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States forgo federal help to replenish unemployment funds. Why?

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Despite companies reopening as we've moved into a new phase of the COVID-19 pandemic, the number of folks filing for unemployment is raising some concerns.

Yes, unemployment applications still are trending near the lowest levels of the pandemic. But first-time applicants for the benefits have edged higher the past three weeks.

Today's numbers from the Department of Labor (DoL) for the week ending Sept. 25 showed seasonally adjusted initial claims of 362,000. That's an increase of 11,000 from the previous week's unrevised level of 351,000. And it's the highest since the 377,000 tally for the week ended Aug. 7.

There are all sorts of ways to parse the numbers, and many variables to consider.

But another recent unemployment analysis and the big question it raised for state officials also caught my eye.

Struggling state unemployment funds: State workforce commissions administer jobless benefits. Since the start of the coronavirus pandemic, states have paid out $175 billion in unemployment benefits, with the federal government providing an additional $660 billion, according to data analyzed by the Tax Foundation.

The Washington, D.C.-based nonprofit's math continues with the results showing, among other things, that taking debt into account, state trust funds now have a negative aggregate balance of -$11 billion and are $115 billion shy of minimum adequate solvency levels.

By federal standards, note Jared Walczak, Tax Foundation Vice President of State Projects, and Savanna Funkhouser, research associate with the organization's Center for State Tax Policy, 34 state accounts are currently insolvent.

A total of $114.6 billion is needed to bring them all up to what the federal government regards as minimum adequate levels.

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The bottom line for the states, per the Tax Foundation, is that in distributing about 350 percent of their normal benefit payment levels from late January 2020 until now, they have exhausted their trust funds and, in many cases, have resorted to repayable federal loans.

Loans vs. federal aid: That trust fund replenishment decision is what raises a big question.

Why, asks the Tax Foundation, are states taking out loans instead of accepting a never before offered federal lifeline to help them wipe out losses from the COVID-induced economic downturn?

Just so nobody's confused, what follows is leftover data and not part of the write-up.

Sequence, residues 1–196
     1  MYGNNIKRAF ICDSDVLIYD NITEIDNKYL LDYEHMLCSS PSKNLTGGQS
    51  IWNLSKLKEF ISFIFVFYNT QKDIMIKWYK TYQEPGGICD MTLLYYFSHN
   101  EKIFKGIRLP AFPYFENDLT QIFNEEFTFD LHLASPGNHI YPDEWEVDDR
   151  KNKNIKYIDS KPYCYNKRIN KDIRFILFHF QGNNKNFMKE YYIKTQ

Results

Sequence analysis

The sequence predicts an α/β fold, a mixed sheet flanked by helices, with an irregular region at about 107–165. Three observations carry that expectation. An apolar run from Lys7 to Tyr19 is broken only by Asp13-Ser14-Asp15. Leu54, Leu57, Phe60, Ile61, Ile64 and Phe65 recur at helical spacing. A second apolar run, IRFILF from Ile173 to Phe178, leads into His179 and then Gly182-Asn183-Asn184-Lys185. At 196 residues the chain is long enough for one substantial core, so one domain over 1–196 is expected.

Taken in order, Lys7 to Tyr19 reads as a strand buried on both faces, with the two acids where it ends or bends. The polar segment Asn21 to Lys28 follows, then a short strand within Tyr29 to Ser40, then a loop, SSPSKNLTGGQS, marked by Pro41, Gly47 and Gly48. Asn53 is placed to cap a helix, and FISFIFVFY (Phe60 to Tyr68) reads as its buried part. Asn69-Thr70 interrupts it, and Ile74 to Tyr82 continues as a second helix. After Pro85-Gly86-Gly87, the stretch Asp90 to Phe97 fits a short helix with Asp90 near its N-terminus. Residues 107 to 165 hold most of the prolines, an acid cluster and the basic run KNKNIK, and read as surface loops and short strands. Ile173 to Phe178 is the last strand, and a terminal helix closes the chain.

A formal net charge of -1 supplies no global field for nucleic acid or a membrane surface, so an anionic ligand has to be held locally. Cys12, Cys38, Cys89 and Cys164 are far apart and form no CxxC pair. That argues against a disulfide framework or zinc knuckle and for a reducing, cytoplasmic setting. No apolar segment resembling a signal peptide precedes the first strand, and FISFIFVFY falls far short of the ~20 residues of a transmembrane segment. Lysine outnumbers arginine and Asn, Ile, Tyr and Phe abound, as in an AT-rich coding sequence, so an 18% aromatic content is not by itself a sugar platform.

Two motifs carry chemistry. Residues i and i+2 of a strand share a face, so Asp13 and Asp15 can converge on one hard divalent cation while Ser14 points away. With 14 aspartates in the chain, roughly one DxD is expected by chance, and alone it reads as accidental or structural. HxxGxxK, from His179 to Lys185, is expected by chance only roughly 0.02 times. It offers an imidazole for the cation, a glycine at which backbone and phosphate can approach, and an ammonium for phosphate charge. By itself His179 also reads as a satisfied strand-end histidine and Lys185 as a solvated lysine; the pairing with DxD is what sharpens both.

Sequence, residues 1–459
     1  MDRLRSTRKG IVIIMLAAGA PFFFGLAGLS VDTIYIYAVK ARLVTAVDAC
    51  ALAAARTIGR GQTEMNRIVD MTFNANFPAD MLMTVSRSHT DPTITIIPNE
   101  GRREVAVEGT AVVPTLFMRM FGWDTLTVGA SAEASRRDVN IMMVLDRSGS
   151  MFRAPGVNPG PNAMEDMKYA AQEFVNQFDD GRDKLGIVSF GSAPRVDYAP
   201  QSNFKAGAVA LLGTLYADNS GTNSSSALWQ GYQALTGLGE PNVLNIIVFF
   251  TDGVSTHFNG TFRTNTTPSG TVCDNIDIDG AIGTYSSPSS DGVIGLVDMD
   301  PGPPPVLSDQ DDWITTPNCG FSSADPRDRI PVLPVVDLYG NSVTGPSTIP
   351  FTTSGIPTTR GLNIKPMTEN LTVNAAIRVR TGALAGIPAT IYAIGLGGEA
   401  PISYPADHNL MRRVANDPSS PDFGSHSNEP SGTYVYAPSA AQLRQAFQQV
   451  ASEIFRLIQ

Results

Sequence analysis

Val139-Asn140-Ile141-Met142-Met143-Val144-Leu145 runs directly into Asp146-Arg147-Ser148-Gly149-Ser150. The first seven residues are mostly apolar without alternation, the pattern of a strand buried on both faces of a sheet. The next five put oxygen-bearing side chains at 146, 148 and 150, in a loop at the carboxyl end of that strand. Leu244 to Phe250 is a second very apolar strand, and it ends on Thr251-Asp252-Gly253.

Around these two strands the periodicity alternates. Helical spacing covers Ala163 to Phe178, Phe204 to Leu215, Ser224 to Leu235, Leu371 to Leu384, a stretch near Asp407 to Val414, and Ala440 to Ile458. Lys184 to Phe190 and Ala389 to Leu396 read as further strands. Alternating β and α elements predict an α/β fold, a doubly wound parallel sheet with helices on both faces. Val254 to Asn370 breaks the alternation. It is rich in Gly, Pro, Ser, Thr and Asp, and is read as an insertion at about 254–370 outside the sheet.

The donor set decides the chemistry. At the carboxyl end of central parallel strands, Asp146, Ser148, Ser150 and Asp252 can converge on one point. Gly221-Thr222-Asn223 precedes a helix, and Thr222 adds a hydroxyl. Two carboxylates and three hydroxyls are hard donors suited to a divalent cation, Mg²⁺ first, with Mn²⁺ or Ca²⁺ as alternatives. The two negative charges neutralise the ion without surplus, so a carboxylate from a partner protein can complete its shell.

"States are permitted to use federal funding under the American Rescue Plan (ARPA) to replenish unemployment compensation trust funds to pre-pandemic levels," write Walczak and Funkhouser in the Tax Foundation report and accompany online post.

So far, though, only 15 states have applied Fiscal Recovery Funds to restocking their funds, for a total of just under $8 billion, they note.

That's well shy of the $94.7 billion states could use for this purpose. And even among the states that have used ARPA funding, the Tax Foundation found significant amounts are often still unauthorized.

Reasons to rely on federal help: Again, why aren't more states taking the federal money, since it would go a long way to restoring the fiscal health of their depleted state unemployment trust funds?

That's a question for state officials. And Walczak and Funkhouser offer several reasons why they should rethink their reluctance to take Uncle Sam's fiscal help.

The one that caught my eye was the expediency of using the available federal funds. "Replenishing these funds through tax revenues would require years of astronomically high tax rates on employment," they argue.

Plus, they add, not getting the help now could hurt businesses in their states since unemployment insurance tax rates on businesses rise automatically when trust fund balances are low.

"Using a substantial share of remaining federal aid to restore unemployment compensation trust funds to pre-pandemic levels is one of the most responsible things states can do with the money," say Walczak and Funkhouser.

While we wait for the states' answers, you can check out the other reasons the Tax Foundation says states should quit looking this unemployment gift horse in the mouth, as well as all the other state unemployment fund numbers — and there are a lot of them — in the Tax Foundation's analysis.

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